Playing the didgeridoo may be just as beneficial for your health as it is fun to play. A number of medical studies are recommending that playing wind instruments can help people with obstructive sleep apnea (OSA), the most common type of sleep apnea characterized by repetitive pauses in breathing, and some cases of snoring. The first published article on the possible effect of playing a wind instrument on OSA was an investigation of playing the didgeridoo, a drone instrument traditional among Australian aborigines. Results of the study, conducted in Switzerland by Milo A. Puhan and others, were published online by the British Medical Journal in December 2005. The studies that found a positive correlation between marked improvement in sleep and daytime alertness suggest that playing the didgeridoo strengthens and tones the tissues of the throat and also provides good exercise for the respiratory system.

Didgeridoo and sleep apnea
The Beatles play their didgeridoos for continued sleep health.

The physiological benefit of didgeridoo playing is believed to stem from an action called circular breathing, in which the player inhales through the nose while maintaining an uninterrupted outflow into the instrument through the mouth, using the cheeks as bellows. This produces a continuous note sustained far longer than would be possible with a single breath. At the conclusion study, the investigators found that the didgeridoo players’ apnea-hypopnea index had dropped from an average of 21 to 11.6. The didgeridoo players also showed a marked improvement in their level of daytime sleepiness.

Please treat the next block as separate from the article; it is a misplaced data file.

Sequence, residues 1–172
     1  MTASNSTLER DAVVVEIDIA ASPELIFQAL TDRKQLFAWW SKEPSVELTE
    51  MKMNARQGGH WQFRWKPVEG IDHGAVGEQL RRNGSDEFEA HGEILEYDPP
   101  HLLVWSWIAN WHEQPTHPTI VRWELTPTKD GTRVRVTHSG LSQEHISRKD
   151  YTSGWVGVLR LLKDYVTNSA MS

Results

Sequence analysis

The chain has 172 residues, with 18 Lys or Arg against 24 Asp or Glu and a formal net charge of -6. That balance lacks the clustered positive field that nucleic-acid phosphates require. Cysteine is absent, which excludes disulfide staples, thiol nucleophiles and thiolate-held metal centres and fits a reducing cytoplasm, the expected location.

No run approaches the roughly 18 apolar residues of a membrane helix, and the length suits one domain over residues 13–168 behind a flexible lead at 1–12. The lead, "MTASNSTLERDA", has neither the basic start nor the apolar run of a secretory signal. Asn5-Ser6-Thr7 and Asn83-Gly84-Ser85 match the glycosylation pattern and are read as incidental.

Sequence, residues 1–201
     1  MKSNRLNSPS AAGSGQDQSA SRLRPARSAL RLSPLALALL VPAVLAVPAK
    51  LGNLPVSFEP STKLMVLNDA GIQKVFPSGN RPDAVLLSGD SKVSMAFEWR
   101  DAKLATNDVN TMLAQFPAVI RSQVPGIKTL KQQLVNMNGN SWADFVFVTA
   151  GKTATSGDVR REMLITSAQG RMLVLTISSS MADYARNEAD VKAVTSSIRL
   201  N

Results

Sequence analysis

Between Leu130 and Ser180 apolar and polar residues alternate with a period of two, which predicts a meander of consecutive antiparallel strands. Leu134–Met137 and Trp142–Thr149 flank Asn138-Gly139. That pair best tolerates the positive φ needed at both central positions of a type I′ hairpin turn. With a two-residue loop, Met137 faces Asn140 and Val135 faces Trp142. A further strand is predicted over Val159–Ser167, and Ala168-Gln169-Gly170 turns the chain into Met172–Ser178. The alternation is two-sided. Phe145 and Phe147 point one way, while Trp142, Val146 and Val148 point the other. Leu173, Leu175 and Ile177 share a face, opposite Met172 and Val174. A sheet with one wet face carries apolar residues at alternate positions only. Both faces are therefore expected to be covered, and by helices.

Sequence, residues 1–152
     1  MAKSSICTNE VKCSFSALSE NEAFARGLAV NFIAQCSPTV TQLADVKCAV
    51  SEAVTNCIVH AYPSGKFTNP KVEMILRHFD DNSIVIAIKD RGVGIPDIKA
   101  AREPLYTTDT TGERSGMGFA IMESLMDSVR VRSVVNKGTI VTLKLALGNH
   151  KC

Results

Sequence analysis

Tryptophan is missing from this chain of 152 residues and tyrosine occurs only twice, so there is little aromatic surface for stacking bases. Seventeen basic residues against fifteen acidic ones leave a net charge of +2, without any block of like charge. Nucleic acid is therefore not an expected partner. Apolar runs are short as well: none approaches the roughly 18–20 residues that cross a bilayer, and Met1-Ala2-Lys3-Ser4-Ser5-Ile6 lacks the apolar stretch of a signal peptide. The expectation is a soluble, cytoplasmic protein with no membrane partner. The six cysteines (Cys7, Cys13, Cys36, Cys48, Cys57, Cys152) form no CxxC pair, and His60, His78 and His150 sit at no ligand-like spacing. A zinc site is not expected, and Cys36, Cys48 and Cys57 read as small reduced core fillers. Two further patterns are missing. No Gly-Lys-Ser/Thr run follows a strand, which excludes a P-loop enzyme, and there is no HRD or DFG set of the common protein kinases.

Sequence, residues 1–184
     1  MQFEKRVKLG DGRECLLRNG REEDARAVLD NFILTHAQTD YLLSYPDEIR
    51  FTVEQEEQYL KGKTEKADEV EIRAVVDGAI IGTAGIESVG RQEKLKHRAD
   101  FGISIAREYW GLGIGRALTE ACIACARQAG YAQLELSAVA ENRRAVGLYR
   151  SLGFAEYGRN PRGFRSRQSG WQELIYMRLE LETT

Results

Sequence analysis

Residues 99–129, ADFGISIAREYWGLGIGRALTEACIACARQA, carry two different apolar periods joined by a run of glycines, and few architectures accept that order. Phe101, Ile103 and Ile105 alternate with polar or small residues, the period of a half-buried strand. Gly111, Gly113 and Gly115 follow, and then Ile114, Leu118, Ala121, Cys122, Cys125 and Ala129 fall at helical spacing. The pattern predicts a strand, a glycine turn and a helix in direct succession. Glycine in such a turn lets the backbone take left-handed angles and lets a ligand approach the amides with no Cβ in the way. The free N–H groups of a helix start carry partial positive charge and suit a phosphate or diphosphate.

The USA National Institutes of Health followed by commenting: “Regular playing of a didgeridoo reduces sleep apnea and snoring in people with moderate obstructive sleep apnea syndrome and also improves the sleep quality of partners. Severity of disease, expressed by the apnea-hypopnoea index, is also substantially reduced after four months of didgeridoo playing.”

Dr. Vicki Thon, a board member of the American Sleep Apnea Association, who monitors research on alternative treatments of OSA, cautioned that research conducted on the correlation between wind instrument playing and sleep apnea improvement is preliminary. She notes that the studies were conducted with a small number of participants and that “No one should discontinue CPAP on the basis of these studies.” Having said this, she adds, “On the other hand, they may point to promising therapies on the horizon.”

While it is not yet considered a medical standard that playing such instruments as the didgeridoo will, in fact, improve one’s sleep apnea, there is one thing researchers, physicians, and patients alike can all agree on: The sound of the didgeridoo is sweeter than the sound of snores. So pick up a wind instrument, and give it a play!*

For more information on sleep apnea and alternative treatments, call Chicago ENT and Chicago Sleep Center at (773) 296-5500.

*The following links provided data for the above blog post:
http://www.sleepapnea.org/treat/treatment-options/digeridoo.html
http://sleepapneadidgeridoo.com/didgeridoo-for-treatment-of-osa/